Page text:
Looking ahead into 2010 and beyond, we remain enthusiastic about our goal of becoming the best healthcare company in the world. We continue to be committed to our long-term financial targets but the real value driver of our merger will be the science and innovation because Merck's long-term strength will come from our ability to develop critical medicines and vaccines. What will set this merger apart is not just a what but the how, the clarity of our vision, our ability to hit the ground running and the thoughtfulness which we will manage through the integration of our businesses, our operation and our people.
Now I'd like to turn the call over to Ken.
Thank you, Dick and good morning everyone. As Dick mentioned, in the fourth quarter we drove solid performance across the Global Human Health portfolio thanks to the strong growth of many of our key brands in markets around the world.
As a newly combined company, we are off to a great start following the merger and we will continue to focus on driving top-line performance in 2010, especially for our new and faster growing brands. Overall, Global Human Health delivered a solid quarter with recorded sales of 9.1 billion. When you include all three months of Schering-Plough sales, our non-GAAP sales were 10.8 billion which represents 9% growth from the previous year. The growth was broad based with eight of our top 10 product families growing in the fourth quarter. These eight franchises accounted for more than half of total sales and grew a combined 15% over the previous year.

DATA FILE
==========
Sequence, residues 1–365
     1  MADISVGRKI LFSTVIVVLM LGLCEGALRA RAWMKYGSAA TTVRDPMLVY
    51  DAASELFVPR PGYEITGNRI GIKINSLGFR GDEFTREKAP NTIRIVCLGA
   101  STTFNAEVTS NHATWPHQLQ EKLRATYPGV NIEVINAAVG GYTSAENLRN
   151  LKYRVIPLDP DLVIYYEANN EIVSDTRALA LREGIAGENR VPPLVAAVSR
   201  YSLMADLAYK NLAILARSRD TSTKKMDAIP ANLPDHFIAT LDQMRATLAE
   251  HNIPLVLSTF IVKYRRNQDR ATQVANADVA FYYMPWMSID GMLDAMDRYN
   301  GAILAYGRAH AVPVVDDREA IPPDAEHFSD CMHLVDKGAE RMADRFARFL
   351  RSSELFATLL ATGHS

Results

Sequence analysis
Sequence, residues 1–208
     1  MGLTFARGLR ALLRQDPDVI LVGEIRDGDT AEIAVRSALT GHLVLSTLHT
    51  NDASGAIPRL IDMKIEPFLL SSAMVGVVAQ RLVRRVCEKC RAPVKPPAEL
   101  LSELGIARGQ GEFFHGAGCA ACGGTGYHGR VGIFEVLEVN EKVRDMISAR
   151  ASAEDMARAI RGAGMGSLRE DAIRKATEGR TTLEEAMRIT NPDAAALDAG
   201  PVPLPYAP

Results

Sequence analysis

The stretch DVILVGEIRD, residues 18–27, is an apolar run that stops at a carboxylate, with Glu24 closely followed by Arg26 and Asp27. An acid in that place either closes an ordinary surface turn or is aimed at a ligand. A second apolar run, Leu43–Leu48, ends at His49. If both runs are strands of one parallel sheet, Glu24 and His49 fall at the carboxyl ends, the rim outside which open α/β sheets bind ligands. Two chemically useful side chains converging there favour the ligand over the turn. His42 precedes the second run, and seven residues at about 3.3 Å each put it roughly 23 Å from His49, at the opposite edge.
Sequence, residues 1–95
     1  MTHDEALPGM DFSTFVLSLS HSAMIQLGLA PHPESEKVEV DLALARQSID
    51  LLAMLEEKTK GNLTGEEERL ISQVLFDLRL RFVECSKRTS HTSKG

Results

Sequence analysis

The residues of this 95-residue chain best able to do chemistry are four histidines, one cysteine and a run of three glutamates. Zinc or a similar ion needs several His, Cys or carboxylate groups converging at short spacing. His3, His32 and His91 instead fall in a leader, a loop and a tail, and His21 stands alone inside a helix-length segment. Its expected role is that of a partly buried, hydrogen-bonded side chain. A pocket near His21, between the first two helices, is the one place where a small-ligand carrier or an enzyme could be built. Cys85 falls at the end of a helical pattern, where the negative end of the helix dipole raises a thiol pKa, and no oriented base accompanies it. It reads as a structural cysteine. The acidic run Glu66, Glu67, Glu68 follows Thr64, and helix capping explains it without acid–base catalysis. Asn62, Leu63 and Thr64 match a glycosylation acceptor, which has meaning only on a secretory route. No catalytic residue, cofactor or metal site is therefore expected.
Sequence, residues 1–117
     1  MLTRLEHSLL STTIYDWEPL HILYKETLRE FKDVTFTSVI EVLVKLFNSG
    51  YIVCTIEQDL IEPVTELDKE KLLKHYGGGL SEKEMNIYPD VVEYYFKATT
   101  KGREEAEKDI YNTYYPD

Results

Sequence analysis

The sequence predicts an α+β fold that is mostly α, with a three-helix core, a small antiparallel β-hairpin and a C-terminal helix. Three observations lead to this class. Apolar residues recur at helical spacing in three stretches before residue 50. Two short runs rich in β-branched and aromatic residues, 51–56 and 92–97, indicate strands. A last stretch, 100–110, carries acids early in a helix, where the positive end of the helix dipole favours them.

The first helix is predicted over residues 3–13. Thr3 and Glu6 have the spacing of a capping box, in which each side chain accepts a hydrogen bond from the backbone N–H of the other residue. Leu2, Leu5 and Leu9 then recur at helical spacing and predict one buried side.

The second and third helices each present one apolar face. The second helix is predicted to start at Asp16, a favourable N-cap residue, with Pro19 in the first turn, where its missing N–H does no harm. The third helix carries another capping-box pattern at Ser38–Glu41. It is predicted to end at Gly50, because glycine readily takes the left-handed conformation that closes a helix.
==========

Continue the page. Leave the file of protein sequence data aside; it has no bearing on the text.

We drove this growth across a diverse base of markets. Sales outside the U.S. increased by 13% which includes the favorable impact of foreign exchange and inside the U.S., we generated growth of 3% compared to the previous year. In the U.S., sales in the fourth quarter were aided by approximately 100 million of wholesaler inventory buy in, stock comp purchases of certain vaccines by the CDC and the initial stocking for the SAPHRIS launch.
Overall, I believe our fourth quarter performance is a good indicator that we are maintaining strong focus and momentum while we integrate our teams. Before I discuss the performance of individual brands, I want to update you on the progress we have made since the completion of the merger. We will be integrating our businesses in markets around the world at different times taking local considerations into account. As we do so, we will be leveraging the new commercial models that we had already implemented in nearly 30 Markets.
In the U.S., our experience with implementing Merck's new commercial model over the past two years prepared us to make critical staffing decisions quickly with three very specific goals in mind, retaining top talent, maintaining business momentum and minimizing disruption to our customers. In fact, by late January, we've completed the design and blending process to stand up the entire U.S. sales organization. Our U.S. sales force is now fully operational and completely focused on meeting customer needs.
Our broader primary care offerings were ideally suited to the portfolio based selling approach of the new commercial model because the merger enables us to be more relevant to our customers across key franchises such as cardiovascular, respiratory, women's health and other franchises.